There’s something sad about people who feel the need to take a scorched earth policy to their past. It’s sad because you should never have to look at your past as something you survived but more something that lead you to where you are. And the thing is that it’s simply classier to move forward and to not burn everything behind you.
Sometimes all we can do is survive our past, and that is true for everyone. We all have moments, people, and sometimes places that have tested us to our limits and these trials by fire forge who we become. Too many of us have to literally survive their pasts, living through hells that most will never understand and those people get a pass from me because if you are lucky enough to survive abuse or hate or worse then you have every reason to want to ‘burn’ the things you survived. You’ve earned that. For most of us though, we just do it to make ourselves feel better.
And it does make us feel better.
We feel better if we act as if the people in our past were wastes of our time, or jerks, or losers. We feel better if we make it about them and not us. They weren’t worthy. They weren’t worth it. Them. They. Them. And so many of our current and future romantic people almost demand it, as if you choosing them over the past isn’t enough. They need you to denounce the past like a religion you outgrew. And it’s silly. The past is the past. We can obsess over it, ignore it, keep it in glass, or look at it as fairly as we’re able but it is still the past. Past romance can be re-kindled but it’s never the same. Past friendship can be re-born but it isn’t the same. They aren’t the same because we aren’t the same. The people we spent our pasts with are not the same. We need to cherish what was when it makes sense, laugh at the times where our judgment was questionable, and to stop punishing ourselves when friendships and relationships end. We mourn those things enough when it happens, we don’t need to take a gas can to the events post mortem because it doesn’t make that pain sting any less, it just gives us another body to bury along the way and ties us even more firmly to the past. It’s one thing to look back and wonder What If or What Happened To but it’s a whole other thing to look back in anger, which ties you to that time like a ghost to a house.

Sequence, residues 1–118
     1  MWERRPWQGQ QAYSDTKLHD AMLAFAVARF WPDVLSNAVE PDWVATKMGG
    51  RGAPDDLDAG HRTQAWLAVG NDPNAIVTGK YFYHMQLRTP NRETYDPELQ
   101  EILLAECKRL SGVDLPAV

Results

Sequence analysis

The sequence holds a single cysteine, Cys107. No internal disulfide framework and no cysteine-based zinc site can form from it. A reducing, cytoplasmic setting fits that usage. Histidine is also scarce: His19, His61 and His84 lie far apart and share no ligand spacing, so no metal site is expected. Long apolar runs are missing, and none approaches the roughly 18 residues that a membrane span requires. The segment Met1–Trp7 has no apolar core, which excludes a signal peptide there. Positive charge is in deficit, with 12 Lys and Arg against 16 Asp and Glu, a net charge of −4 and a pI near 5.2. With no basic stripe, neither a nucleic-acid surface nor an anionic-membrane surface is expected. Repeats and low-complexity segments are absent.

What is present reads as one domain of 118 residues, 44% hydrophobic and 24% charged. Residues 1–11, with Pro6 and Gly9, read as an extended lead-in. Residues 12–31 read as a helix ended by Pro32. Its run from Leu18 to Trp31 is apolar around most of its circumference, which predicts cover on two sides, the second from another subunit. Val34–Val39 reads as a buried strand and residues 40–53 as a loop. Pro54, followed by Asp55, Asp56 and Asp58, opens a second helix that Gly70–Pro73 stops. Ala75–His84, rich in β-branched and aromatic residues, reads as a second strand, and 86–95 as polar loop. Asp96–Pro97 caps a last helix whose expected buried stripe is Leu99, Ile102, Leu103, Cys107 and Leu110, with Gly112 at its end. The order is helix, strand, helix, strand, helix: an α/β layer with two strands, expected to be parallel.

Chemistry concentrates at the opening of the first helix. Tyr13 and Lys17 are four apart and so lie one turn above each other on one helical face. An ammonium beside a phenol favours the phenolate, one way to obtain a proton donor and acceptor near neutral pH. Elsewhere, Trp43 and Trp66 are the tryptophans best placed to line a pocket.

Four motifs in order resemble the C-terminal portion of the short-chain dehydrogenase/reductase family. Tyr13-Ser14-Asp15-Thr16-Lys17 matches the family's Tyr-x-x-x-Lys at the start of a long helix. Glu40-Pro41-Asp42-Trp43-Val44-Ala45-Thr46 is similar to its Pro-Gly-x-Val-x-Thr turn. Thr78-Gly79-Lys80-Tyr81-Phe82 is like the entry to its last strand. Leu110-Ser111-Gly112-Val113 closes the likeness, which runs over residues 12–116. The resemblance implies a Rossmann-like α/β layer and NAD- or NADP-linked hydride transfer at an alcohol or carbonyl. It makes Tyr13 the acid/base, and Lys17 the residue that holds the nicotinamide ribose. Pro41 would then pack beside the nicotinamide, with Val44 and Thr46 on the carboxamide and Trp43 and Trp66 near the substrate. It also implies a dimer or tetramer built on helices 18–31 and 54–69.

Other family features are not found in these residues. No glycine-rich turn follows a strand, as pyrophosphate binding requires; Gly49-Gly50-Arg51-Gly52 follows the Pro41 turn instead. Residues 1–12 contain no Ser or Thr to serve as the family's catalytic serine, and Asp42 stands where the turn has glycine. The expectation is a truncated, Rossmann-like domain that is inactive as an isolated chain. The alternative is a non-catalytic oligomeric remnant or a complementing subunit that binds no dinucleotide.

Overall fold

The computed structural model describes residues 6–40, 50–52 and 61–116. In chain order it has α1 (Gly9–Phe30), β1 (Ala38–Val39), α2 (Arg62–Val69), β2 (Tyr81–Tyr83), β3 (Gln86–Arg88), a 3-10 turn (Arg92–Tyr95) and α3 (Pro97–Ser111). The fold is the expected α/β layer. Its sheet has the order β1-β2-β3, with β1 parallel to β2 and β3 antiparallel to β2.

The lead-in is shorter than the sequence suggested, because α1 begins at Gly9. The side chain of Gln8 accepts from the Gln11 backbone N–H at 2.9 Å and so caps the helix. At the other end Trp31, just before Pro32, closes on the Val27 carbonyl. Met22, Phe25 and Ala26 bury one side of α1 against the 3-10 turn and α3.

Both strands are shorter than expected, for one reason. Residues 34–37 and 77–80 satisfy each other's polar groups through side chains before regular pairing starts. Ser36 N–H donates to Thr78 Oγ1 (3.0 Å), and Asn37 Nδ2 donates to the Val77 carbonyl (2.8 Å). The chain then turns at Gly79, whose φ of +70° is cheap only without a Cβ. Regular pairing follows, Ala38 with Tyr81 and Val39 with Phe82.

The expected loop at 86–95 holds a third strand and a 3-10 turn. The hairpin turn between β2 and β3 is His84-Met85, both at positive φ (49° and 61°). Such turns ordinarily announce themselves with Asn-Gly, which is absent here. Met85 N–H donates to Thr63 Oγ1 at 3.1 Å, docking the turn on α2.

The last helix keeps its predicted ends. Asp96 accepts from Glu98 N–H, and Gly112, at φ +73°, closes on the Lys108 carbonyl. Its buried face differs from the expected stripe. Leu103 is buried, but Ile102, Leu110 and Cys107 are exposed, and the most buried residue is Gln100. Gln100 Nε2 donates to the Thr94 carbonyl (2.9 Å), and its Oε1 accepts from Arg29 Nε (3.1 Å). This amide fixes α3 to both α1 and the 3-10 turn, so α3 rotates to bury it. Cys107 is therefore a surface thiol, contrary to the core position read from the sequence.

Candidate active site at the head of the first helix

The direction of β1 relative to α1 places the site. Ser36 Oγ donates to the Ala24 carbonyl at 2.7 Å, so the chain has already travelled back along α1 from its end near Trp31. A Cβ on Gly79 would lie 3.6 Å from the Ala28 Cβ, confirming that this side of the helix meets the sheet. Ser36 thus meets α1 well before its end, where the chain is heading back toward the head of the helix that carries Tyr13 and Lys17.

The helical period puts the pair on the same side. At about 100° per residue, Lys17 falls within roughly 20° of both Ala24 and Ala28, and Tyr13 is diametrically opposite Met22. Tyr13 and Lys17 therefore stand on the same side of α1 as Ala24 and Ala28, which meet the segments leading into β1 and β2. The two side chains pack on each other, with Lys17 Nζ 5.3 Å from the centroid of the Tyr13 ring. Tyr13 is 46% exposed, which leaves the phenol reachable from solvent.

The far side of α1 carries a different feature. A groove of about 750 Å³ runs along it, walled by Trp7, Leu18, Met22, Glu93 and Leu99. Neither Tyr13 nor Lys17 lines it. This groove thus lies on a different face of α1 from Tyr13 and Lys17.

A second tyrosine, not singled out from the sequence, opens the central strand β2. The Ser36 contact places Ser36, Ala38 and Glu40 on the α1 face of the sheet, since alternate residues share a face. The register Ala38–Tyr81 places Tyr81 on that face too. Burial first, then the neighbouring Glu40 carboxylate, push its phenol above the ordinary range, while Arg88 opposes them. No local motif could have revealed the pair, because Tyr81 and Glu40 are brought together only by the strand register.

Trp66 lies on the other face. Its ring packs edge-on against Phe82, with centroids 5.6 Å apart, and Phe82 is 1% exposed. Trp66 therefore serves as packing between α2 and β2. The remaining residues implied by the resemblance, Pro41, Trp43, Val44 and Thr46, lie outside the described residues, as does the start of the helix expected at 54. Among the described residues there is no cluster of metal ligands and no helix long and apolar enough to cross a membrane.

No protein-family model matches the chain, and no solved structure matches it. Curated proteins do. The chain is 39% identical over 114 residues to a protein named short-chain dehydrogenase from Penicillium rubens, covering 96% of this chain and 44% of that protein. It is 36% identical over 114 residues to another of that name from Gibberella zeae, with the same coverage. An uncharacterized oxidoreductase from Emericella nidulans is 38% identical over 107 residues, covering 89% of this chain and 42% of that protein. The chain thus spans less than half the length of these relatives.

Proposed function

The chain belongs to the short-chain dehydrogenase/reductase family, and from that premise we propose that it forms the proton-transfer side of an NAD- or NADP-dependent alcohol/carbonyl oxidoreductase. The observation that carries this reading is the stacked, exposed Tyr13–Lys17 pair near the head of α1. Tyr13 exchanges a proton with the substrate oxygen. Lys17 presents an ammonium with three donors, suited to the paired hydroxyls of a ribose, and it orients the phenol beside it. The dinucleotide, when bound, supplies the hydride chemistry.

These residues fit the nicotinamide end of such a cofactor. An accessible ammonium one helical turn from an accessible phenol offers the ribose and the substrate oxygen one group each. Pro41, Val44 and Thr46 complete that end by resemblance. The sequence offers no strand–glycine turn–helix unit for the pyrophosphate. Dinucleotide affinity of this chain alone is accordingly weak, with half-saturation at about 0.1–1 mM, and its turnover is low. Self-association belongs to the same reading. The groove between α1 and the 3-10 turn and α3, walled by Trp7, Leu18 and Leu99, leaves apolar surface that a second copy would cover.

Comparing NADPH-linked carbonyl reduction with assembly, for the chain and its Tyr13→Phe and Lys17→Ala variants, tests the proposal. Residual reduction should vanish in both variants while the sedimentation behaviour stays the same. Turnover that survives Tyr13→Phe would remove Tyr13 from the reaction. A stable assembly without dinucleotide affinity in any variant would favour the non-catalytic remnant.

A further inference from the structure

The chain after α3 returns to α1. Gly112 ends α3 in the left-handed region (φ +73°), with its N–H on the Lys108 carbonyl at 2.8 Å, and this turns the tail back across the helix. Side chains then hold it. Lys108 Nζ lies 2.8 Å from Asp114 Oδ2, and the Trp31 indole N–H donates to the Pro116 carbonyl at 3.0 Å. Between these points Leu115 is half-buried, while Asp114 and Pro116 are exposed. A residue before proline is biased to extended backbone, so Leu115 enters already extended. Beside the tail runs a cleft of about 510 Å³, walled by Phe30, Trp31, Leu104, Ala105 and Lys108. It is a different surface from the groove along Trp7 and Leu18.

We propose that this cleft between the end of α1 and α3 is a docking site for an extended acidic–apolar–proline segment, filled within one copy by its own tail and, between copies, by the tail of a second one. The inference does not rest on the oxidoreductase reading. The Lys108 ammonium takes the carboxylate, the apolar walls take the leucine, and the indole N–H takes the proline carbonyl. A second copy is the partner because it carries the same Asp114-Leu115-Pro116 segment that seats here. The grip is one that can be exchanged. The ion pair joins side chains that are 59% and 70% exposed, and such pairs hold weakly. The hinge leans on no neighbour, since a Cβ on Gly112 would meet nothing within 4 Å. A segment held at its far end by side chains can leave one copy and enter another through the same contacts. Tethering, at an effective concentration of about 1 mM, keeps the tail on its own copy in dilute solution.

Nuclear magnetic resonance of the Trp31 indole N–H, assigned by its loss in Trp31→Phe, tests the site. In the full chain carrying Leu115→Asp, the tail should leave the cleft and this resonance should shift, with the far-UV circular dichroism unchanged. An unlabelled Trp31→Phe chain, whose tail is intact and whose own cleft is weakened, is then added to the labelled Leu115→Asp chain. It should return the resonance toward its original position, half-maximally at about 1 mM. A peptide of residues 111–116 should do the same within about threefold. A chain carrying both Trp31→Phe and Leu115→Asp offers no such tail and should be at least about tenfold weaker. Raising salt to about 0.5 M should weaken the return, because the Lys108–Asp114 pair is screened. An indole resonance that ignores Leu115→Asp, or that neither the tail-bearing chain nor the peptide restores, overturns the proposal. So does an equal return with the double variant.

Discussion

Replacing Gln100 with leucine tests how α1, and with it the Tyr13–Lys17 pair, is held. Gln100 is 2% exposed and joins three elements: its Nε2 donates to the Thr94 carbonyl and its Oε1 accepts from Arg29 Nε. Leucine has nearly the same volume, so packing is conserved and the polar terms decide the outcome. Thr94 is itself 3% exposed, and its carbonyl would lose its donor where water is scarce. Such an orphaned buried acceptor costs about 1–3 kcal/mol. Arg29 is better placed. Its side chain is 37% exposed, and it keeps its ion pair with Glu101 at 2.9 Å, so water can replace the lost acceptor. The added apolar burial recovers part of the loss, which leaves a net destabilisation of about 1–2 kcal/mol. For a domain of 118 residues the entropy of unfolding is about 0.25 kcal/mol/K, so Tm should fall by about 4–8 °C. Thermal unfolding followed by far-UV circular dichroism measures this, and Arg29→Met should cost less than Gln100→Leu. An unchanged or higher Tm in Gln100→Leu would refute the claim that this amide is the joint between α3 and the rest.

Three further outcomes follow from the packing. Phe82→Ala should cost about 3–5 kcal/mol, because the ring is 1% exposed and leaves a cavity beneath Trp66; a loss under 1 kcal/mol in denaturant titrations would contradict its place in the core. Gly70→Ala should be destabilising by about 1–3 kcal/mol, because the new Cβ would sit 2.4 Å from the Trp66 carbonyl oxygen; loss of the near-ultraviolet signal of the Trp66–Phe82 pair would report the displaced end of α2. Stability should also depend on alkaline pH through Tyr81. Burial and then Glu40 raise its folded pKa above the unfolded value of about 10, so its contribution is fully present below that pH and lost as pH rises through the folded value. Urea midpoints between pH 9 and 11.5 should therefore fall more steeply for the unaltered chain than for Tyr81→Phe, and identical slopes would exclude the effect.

Places are the same way and Flint has become the perfect kicking post for a lot of people. For some reason we blame the places we lived and are from for dooming and damning and harming us – as if a place can make someone a jerk or a place can make us inherently miserable. A place’s climate, social issues, political issues, economic issues and on and on can inform the culture of a place, can inform the people of a place, but in the end we all have the final say in how we behave. A place doesn’t tend to make us ‘bad’, we were bad to begin with and the place just happened to be, well, a place. Still though, we use place as the symbol that we want to destroy.
“Screw ___and all the people there.”